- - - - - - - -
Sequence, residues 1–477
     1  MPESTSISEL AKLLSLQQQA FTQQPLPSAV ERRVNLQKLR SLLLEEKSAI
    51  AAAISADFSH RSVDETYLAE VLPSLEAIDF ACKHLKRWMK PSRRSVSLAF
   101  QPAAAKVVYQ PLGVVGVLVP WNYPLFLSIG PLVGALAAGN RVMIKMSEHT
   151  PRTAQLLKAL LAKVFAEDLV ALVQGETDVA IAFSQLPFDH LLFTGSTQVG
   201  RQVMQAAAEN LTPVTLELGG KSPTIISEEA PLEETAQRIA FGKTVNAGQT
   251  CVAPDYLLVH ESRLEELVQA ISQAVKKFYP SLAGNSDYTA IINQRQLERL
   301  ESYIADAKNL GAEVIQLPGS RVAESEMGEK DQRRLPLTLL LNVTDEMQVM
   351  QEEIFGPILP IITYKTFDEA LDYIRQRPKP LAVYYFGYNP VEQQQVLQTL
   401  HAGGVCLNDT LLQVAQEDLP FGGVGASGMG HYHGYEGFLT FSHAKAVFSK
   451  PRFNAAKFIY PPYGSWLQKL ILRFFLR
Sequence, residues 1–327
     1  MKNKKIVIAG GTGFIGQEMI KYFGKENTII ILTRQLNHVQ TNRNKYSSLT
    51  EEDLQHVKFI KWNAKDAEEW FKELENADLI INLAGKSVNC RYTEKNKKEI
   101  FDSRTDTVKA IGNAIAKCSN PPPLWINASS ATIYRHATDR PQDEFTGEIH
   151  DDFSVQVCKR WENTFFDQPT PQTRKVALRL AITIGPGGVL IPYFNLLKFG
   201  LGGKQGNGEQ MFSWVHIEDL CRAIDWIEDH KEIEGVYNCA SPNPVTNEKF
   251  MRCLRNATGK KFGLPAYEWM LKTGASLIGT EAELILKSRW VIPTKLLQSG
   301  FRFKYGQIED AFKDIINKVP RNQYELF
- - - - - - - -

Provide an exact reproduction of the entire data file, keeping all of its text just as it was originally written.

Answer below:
Sequence, residues 1–477
     1  MPESTSISEL AKLLSLQQQA FTQQPLPSAV ERRVNLQKLR SLLLEEKSAI
    51  AAAISADFSH RSVDETYLAE VLPSLEAIDF ACKHLKRWMK PSRRSVSLAF
   101  QPAAAKVVYQ PLGVVGVLVP WNYPLFLSIG PLVGALAAGN RVMIKMSEHT
   151  PRTAQLLKAL LAKVFAEDLV ALVQGETDVA IAFSQLPFDH LLFTGSTQVG
   201  RQVMQAAAEN LTPVTLELGG KSPTIISEEA PLEETAQRIA FGKTVNAGQT
   251  CVAPDYLLVH ESRLEELVQA ISQAVKKFYP SLAGNSDYTA IINQRQLERL
   301  ESYIADAKNL GAEVIQLPGS RVAESEMGEK DQRRLPLTLL LNVTDEMQVM
   351  QEEIFGPILP IITYKTFDEA LDYIRQRPKP LAVYYFGYNP VEQQQVLQTL
   401  HAGGVCLNDT LLQVAQEDLP FGGVGASGMG HYHGYEGFLT FSHAKAVFSK
   451  PRFNAAKFIY PPYGSWLQKL ILRFFLR
Sequence, residues 1–327
     1  MKNKKIVIAG GTGFIGQEMI KYFGKENTII ILTRQLNHVQ TNRNKYSSLT
    51  EEDLQHVKFI KWNAKDAEEW FKELENADLI INLAGKSVNC RYTEKNKKEI
   101  FDSRTDTVKA IGNAIAKCSN PPPLWINASS ATIYRHATDR PQDEFTGEIH
   151  DDFSVQVCKR WENTFFDQPT PQTRKVALRL AITIGPGGVL IPYFNLLKFG
   201  LGGKQGNGEQ MFSWVHIEDL CRAIDWIEDH KEIEGVYNCA SPNPVTNEKF
   251  MRCLRNATGK KFGLPAYEWM LKTGASLIGT EAELILKSRW VIPTKLLQSG
   301  FRFKYGQIED AFKDIINKVP RNQYELF